Hubert Saint-Onge, the 25-year veteran of KM, was at least ready to find a better platform: “I find this question quite interesting but somewhat frustrating,” he said “I must say that I have developed somewhat of an aversion to what I call KM ‘fashionistas’ – ‘This is the absolute answer to KM,’ they claim, and any derogation is condemned with great fury (not seeing that this behaviour is, in itself, anathema to what knowledge work stands for).
“At the other end of the spectrum, I find myself working in organisations where the reputation of KM is so bad that the mere mention of the word ‘knowledge’ sends them flying. In those cases, I go into my material and do a ‘replace all’, switching from ‘knowledge management’ to ‘content/collaboration’.”
But for all KM’s liabilities, Saint-Onge didn’t pile on with the many others who came to bury KM as it is. “As usual,” Saint-Onge said, “I find the opinions expressed by my friend David [Snowden] to be most interesting. In fact, I find that we agree on most things about KM with the odd quibble here and there. But David has seen the error of his ways in the past and self-corrects with all the emotive skills of a systems thinker. The trigger this time is his pronouncement about KM. I find the need to offer a more nuanced perspective than to just declare that KM is dead.
“I could not care less if the label survives or metamorphoses. I do believe in systemic-knowledge work in organisations as a way of building collaboration and accelerating capability development. My sense is that there is a good possibility that collaboration and knowledge will at one point start to merge. I also have a problem with the description of the cycles of knowledge management where it is said that the first wave did this and the second wave did that. The fact of the matter, many good practitioners did exactly what is now described as the third or fourth wave way back in the first years of so-called KM.”
Saint-Onge acknowledged the disappearance of short-lived chief knowledge officers, blaming them for promising too much and delivering too little. Consequently, it is in those companies where the word ‘knowledge’ is shunned and Saint-Onge has to use his ‘search-and-replace’ tactic.
Bob Buckman, the KM legend behind specialty chemicals company Buckman Laboratories, hoped the term ‘KM’ was, indeed, finally dead and took the opportunity to remind everyone that he had never called it KM, even though he has been a fixture on the KM conference circuit for a long time.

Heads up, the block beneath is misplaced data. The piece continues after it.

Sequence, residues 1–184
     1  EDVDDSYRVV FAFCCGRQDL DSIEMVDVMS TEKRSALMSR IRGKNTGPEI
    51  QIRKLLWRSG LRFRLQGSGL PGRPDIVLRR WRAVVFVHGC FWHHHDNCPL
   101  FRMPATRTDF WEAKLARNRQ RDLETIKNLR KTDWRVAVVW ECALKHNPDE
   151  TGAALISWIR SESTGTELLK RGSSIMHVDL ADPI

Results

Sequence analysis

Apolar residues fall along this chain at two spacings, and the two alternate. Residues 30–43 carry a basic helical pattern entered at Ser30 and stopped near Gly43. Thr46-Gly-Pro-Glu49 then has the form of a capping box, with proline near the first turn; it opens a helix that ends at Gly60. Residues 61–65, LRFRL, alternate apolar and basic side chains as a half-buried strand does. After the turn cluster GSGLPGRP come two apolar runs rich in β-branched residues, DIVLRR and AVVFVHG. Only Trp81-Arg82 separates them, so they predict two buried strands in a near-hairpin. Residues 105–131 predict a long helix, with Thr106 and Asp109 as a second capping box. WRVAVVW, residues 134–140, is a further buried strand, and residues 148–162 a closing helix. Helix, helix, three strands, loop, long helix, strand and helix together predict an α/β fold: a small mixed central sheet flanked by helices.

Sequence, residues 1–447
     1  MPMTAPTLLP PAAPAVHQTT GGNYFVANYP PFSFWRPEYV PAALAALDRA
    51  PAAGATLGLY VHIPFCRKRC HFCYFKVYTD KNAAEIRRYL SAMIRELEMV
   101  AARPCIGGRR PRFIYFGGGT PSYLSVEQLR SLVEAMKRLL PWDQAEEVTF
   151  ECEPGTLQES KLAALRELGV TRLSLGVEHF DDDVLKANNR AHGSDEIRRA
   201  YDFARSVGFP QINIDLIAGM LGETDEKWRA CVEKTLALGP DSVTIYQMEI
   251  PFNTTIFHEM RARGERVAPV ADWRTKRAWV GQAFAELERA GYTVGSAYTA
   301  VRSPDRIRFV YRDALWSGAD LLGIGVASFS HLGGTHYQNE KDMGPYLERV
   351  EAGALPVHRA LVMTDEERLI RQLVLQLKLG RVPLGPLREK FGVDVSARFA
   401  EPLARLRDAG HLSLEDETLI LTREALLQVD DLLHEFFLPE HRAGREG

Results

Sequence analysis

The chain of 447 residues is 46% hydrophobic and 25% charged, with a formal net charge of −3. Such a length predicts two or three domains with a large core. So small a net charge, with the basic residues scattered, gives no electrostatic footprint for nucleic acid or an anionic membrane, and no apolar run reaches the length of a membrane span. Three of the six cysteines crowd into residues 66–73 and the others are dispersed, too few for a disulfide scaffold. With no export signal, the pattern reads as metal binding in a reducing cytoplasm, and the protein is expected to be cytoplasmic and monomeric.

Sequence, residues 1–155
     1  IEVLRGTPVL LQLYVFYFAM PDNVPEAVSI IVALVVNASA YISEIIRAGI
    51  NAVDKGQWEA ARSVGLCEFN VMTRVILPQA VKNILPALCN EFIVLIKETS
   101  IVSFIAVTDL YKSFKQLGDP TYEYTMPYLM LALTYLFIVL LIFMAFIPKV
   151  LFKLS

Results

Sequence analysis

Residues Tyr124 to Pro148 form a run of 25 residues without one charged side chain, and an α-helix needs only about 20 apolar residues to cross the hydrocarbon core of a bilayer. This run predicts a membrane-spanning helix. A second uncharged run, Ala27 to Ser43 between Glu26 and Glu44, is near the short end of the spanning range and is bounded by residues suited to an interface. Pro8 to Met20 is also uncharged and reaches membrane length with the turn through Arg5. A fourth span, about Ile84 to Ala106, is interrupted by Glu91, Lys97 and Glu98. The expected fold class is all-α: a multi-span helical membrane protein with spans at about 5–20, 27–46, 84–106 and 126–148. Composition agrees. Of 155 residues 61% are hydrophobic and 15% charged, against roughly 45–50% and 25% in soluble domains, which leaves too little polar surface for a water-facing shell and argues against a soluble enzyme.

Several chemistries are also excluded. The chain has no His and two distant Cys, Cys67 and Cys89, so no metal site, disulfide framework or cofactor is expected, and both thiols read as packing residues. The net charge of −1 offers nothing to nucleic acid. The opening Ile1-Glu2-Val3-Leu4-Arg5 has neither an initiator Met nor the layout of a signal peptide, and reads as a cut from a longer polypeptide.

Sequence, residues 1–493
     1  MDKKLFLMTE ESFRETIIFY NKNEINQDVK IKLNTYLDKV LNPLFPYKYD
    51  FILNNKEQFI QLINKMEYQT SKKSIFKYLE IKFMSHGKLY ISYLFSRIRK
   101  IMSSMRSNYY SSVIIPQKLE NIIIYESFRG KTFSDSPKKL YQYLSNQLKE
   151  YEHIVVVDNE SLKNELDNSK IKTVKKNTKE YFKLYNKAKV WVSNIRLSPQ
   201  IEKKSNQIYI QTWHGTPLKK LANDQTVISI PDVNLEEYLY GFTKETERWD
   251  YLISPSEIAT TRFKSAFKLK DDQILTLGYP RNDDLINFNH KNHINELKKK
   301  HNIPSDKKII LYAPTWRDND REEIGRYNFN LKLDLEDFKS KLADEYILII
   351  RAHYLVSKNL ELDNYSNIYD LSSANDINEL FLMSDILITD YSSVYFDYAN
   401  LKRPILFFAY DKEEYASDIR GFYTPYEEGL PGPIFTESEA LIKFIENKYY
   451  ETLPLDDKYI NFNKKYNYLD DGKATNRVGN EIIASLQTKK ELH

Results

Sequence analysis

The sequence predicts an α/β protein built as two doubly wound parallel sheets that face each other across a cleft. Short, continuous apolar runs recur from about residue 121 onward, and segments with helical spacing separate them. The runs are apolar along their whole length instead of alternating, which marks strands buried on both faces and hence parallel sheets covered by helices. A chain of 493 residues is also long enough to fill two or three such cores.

“I never did try and manage knowledge,” he said. “What I really tried to manage and nurture was a culture that would encourage and expand the flow of knowledge. It was because economic value could only be obtained in our environment when knowledge moved across the organisation in response to a need.”
“In my view,” I contradicted, “you did indeed manage the knowledge. No, not in the command-and-control way of archaic management (of the industrial era), but in the new way of management, which is all about enabling.
“You see, I have no problem with the dreaded term ‘management’, as long as we understand that management is not the past, but the present and the future. Of course, you managed knowledge, Bob. You saw it as a valuable asset and you set about making it work for you. What else could you call it? When are we going to get past the fictional stigma of managing? To say you didn't manage knowledge is like saying you didn't manage money! You did! And you did it well!”
Newbies, KM and the Peter principle
The final commentary came from Doug Macnamara, president of Banff Executive Leadership. “I must say,” Macnamara said, “Peter Marshall's observations mirror my own. There are so many organisations completely dysfunctional in their knowledge processes.
“I have never personally been all that enamoured with the KM label, though I tolerated the description. Like any popular management concept, it has a shelf life,” said Macnamara. ‘Quality improvement’, ‘business process re-engineering’ and so on have all suffered the same fate, he added, yet quality improvement and business process re-engineering remain very much in demand.
“Organisational strategic thinking and strategy development/implementation will always need to consider the knowledge capabilities and capacities of the employees within the formal organisation and those in the network around it. Indeed, this will perhaps become even more critical as our social, business and political networks continue to overlap, intertwine and become ever more complex.
“I'm not so sure that it is KM that is dead, or whether it is that the new generation of leaders taking the helm of organisations are once again living the Peter Principle,” says Macnamara. That is to say, they have been promoted beyond their capacities and are finding that the way of thinking, the information about their surroundings and the behaviour they learned from their mentors, is woefully inadequate for today's leadership challenges.
“So many of the ‘A-Team’ of leaders have left their organisations and become consultants and the ‘B-Teams’ left behind have both competency and capacity problems when it comes to systems/network thinking. KM the label may well be dead (thankfully, perhaps), but the need for those of us engaged in this work continues. We need to find ways to apply the principles in new, more meaningful ways, with language that may better connect to the new senior and middle manager levels. This is complicated by the fact that the new senior leaders (still largely from the boomer generation) are very different in their thinking to that of the generation X middle managers/professionals and the ‘echo generation’ [the children of the 1960s ‘baby boomers’] new-entrant talent.”
Jerry Ash is special correspondent to Inside Knowledge, KM coach and founder of the Association of Knowledgework (AOK). To join, please visit www.kwork.org. He is also the author of the ARK Group’s latest major reports, Next Generation Knowledge Management and Next Generation Knowledge Management II. To order either of these, please contact Adam Scrimshire by e-mail, email@example.com. Jerry Ash can be reached at firstname.lastname@example.org.
Dave Snowden’s blog references